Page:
All of these 180-degree turnarounds from last season and only one thing remains the same. Peterson is a beast. Hopefully since that Detroit game, the offensive staff now understands the difference from winning strategy and losing strategy. Winning is handing the ball off to Peterson, losing is throwing down field to Greg Camarillo and Bernard Berrian. Even with all the attention from the defenses from not respecting the passing game, Peterson still has put up great numbers. The touchdowns are there and the yardage is there. The biggest difference is his receiving capabilities. He’s been putting up noticeable numbers through the passing game, which is great for Favre.
Visanthe Shiancoe and Peterson seem to be the only receivers that understand their routes and can actually catch the ball. It was concerning to see Peterson get stuffed on the goal line a few times in a row against the Dolphins, but minds were eased with the 80-yard breakaway touchdown against the Lions. Peterson’s numbers reflect that of his draft positioning. Given Peterson’s age, he and Johnson could be going head to head for No. 1 status for the next several years.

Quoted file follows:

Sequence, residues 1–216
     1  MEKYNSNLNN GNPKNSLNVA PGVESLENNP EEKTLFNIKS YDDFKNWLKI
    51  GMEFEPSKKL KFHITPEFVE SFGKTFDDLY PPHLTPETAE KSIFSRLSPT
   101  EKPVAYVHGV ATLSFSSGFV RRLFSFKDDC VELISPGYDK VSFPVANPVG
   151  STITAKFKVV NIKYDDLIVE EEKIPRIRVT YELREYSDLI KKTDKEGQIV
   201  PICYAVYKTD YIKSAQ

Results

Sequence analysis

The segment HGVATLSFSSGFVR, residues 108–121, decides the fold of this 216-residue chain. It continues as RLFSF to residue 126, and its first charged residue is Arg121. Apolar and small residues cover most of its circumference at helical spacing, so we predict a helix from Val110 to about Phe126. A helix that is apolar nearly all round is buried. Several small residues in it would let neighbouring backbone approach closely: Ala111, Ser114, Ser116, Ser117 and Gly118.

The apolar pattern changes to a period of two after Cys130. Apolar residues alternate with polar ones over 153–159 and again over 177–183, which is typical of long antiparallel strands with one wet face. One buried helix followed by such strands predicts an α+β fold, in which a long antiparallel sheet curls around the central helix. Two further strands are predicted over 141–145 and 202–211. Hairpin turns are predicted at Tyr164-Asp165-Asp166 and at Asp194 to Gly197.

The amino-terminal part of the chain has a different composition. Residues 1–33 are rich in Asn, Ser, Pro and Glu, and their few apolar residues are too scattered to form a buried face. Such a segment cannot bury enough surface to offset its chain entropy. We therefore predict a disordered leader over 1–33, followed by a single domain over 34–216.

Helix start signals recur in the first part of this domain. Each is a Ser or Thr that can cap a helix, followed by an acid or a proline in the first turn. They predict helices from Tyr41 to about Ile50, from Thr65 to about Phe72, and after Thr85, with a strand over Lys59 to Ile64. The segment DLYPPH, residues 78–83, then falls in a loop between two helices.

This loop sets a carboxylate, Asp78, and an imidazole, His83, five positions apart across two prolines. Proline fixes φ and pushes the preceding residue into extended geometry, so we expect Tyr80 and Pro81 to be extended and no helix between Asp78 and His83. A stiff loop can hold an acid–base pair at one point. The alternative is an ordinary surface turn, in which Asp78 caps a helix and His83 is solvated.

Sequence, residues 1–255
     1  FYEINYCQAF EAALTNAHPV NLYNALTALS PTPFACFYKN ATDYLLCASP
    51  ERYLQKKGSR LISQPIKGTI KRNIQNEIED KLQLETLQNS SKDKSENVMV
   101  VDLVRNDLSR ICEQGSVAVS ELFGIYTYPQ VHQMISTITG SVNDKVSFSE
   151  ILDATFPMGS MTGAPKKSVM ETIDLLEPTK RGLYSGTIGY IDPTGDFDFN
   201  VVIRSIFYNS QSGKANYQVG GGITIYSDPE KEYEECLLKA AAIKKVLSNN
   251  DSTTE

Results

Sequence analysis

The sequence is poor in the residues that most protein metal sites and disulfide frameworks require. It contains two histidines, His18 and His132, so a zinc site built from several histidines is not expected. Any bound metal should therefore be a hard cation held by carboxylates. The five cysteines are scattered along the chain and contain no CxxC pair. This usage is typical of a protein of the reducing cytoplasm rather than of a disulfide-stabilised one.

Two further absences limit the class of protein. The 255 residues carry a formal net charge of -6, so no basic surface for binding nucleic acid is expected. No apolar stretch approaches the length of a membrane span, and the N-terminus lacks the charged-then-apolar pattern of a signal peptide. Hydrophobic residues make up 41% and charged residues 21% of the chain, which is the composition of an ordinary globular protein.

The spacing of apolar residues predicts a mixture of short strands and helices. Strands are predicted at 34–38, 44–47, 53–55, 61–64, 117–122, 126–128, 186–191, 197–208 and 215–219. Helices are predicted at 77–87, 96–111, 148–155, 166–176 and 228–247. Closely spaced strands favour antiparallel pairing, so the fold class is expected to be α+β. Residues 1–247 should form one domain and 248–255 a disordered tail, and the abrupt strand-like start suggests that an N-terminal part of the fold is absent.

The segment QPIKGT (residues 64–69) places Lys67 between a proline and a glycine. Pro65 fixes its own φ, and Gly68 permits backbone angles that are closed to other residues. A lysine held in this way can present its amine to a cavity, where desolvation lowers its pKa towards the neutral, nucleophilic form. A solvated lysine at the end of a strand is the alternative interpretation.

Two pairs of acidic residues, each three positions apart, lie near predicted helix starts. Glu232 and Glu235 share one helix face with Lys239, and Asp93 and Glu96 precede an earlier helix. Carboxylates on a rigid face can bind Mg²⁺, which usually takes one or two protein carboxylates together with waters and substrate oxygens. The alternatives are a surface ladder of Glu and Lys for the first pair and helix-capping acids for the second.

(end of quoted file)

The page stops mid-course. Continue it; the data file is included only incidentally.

Maurice Jones-Drew – 217 rushing yards, 33 receiving yards, 0 touchdowns
Rounding out the “Big Three” we have Jones-Drew. Here’s our first case where the stats don’t reflect the ADP. But, take into consideration that it’s not his fault. We just got done slamming the Vikings about their horrible quarterback play and confused receiving corps. But these Jacksonville Jaguars make those Vikings look like the “All-Madden” team.
David Garrard is either a three-touchdown quarterback or running for the hills. There really isn’t an in between. And Mike Sims-Walker seems to be a human roller coaster. He comes in with a no catch game and then has a huge game the following week. All of these inconsistencies on offense allow defenses to key on the focal point of the offense, being the running game. And on top of it all, the Jaguars’ defense is one of the worst in the league. The Jaguars are letting up huge points on a regular basis, leading to the offense having to play from behind. When playing from behind, you’re forced to throw more. Jones-Drew is healthy and therefore still a must start every week. But if the defense can’t make some stops and the offense can’t get it together, Jones-Drew’s numbers could be way down from last season.